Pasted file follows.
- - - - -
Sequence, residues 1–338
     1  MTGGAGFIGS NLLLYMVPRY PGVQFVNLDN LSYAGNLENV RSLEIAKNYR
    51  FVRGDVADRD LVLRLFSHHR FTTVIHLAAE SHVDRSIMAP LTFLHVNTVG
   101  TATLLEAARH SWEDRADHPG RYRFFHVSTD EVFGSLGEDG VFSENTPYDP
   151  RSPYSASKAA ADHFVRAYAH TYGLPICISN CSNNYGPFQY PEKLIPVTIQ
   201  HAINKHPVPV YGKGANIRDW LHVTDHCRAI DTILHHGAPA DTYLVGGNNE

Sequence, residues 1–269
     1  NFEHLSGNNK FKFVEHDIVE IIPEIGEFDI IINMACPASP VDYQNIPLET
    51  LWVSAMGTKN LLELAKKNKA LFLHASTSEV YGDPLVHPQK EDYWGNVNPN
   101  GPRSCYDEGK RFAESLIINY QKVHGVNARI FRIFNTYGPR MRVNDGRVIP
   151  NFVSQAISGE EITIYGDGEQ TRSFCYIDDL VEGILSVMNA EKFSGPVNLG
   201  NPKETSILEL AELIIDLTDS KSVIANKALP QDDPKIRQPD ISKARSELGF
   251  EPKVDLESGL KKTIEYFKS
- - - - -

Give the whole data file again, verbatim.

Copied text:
Sequence, residues 1–338
     1  MTGGAGFIGS NLLLYMVPRY PGVQFVNLDN LSYAGNLENV RSLEIAKNYR
    51  FVRGDVADRD LVLRLFSHHR FTTVIHLAAE SHVDRSIMAP LTFLHVNTVG
   101  TATLLEAARH SWEDRADHPG RYRFFHVSTD EVFGSLGEDG VFSENTPYDP
   151  RSPYSASKAA ADHFVRAYAH TYGLPICISN CSNNYGPFQY PEKLIPVTIQ
   201  HAINKHPVPV YGKGANIRDW LHVTDHCRAI DTILHHGAPA DTYLVGGNNE

Sequence, residues 1–269
     1  NFEHLSGNNK FKFVEHDIVE IIPEIGEFDI IINMACPASP VDYQNIPLET
    51  LWVSAMGTKN LLELAKKNKA LFLHASTSEV YGDPLVHPQK EDYWGNVNPN
   101  GPRSCYDEGK RFAESLIINY QKVHGVNARI FRIFNTYGPR MRVNDGRVIP
   151  NFVSQAISGE EITIYGDGEQ TRSFCYIDDL VEGILSVMNA EKFSGPVNLG
   201  NPKETSILEL AELIIDLTDS KSVIANKALP QDDPKIRQPD ISKARSELGF
   251  EPKVDLESGL KKTIEYFKS